Commentary: The recently announced Republican sponsored tax plan calls for reducing corporate income tax rate from 39% to 20%. This rate cut is the single most costly provision of the tax proposal, and for this reason, has become a lightning rod for critics of the tax proposal. But while many are critical of the provision as being too generous to corporations, I argue that it doesn’t go far enough. We should repeal the corporate income tax outright. Just get rid of it.
The reason is to drain the swamp. The corporate tax code is a Swiss cheese of loopholes and special provisions, each of which is associated with a lobbyists dedicated to preserving a bene for someone paying a fee. The corporate tax code, as it now exists, could be renamed the Lobbyist Full Employment Act. All over Washington, swamp creatures are scurrying about seeking special provisions for their clients.
One of the arguments made by Democrats and other opponents of the Republic sponsored corporate tax cut is that the effective average tax rate is not the statutory 39%, but only 29%. This difference between the statutory and effective rate can be thought of as a measure of the effectiveness of lobbyists and is not an argument against lowering rates, but precisely why we should go farther.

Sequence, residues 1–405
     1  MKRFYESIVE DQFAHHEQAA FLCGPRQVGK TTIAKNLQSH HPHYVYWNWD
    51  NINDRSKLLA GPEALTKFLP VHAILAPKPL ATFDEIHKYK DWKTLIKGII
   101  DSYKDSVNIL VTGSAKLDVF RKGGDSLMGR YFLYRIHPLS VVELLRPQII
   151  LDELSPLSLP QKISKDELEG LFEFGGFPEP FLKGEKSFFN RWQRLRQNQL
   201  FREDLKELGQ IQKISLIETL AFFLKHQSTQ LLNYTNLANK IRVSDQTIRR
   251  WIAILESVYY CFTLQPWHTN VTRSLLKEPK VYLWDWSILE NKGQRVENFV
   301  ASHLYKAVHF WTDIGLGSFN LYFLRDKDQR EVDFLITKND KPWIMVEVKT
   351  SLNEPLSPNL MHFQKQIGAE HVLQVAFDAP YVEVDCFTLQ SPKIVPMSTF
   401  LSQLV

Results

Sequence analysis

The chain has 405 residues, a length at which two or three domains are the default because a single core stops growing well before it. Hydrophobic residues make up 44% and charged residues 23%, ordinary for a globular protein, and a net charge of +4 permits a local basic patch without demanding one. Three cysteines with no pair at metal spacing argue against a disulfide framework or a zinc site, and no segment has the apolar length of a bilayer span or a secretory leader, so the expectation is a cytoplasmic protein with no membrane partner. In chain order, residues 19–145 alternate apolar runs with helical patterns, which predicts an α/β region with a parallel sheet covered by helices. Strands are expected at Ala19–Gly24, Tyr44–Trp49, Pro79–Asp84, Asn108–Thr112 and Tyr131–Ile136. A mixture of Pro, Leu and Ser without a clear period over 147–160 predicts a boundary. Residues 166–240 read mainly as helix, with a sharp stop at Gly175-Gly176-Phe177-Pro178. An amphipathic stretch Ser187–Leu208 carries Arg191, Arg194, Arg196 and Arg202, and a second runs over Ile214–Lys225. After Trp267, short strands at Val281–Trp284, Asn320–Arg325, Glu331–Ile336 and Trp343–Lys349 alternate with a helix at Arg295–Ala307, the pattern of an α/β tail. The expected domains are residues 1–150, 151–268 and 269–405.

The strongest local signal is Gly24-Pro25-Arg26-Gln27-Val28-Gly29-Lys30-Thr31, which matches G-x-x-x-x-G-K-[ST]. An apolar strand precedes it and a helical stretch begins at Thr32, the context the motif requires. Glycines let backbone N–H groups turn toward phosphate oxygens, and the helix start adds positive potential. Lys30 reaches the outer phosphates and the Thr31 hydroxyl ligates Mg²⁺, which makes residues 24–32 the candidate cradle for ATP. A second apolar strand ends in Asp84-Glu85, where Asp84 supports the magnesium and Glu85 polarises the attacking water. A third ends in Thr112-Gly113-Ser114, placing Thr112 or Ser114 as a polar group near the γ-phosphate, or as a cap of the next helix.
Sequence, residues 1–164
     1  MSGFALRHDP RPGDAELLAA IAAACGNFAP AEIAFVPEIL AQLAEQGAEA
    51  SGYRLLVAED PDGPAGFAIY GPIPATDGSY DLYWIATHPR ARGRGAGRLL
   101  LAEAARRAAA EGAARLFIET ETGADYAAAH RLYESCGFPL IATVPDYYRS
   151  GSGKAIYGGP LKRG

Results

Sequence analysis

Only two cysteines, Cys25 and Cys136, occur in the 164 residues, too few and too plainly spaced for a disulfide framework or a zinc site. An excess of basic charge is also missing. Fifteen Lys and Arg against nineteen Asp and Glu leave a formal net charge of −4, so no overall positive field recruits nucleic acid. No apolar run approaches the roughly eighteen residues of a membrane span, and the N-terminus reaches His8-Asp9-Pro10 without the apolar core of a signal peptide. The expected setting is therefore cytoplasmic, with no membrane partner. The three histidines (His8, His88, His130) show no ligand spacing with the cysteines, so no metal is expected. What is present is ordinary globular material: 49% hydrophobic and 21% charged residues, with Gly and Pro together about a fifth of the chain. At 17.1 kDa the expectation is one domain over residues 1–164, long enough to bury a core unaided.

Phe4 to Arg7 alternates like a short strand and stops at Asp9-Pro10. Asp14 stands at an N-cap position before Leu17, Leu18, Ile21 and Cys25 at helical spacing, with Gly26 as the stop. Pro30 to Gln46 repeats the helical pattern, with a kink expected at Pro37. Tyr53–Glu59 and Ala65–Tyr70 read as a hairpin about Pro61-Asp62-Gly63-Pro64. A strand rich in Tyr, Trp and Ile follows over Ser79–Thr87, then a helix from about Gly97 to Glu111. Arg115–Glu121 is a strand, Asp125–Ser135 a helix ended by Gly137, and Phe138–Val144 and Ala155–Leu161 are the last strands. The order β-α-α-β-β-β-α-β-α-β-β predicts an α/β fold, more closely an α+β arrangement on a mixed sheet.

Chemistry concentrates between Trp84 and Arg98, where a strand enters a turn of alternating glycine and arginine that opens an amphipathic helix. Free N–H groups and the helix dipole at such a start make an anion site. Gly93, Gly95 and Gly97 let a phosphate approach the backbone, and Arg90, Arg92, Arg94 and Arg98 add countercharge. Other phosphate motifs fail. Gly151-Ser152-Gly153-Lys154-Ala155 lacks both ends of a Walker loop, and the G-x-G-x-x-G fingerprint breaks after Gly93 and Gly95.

As things stand now, American corporations are heavily taxed. Our statutory rate is the highest in the world, while are effective average rate is third highest. Such high rates does distort corporate decision making. In recent years, tax inversion, the practice of relocating headquarters in a foreign jurisdiction to avoid taxes, has become more common. Under the Republican plan, the statutory rate would be dropped to third lowest among major countries, ahead of the UK and Germany.
Exactly who pays the corporate income tax ultimately depends on the interaction of supply and demand and differs by industry and even among firms within an industry. Some of the tax is passed on to consumers, some is covered by lower salaries paid employees, and some of it comes out of dividends, so is paid by shareholders.
Certainly, many shareholders are wealthy individuals, and cutting the corporate income tax will benefit them. But many other shareholders are the proverbial widows and children, often owning the shares via a mutual fund. And here is the rub with a corporate income tax: it is less fair than a direct income tax on individuals.
So, I would pay for elimination of the corporate income tax by increasing the top tax rate sufficiently to make up for the lost revenue. About 9% of federal tax revenue comes from the corporate income tax, so the increase in taxes paid by the wealth tax payers would be substantial.
Washington swamp is pretty big. Lobbyists earned $3.2 billion last year, down slightly from the year before, but still a lot. We don’t know how much of that lobbying was aimed at the tax code, but a substantial amount.
Neither the Democrats nor the Republicans want to drain the swamp, as lobbyists are the source of their political mother’s milk—money. The corporate income tax isn’t likely to go anywhere soon.
Christopher A. Erickson, Ph.D., is a professor of economics at NMSU. He owns stock only via mutual funds. The opinions expressed may not be shared by the regents or administration of NMSU. Chris can be reached at firstname.lastname@example.org.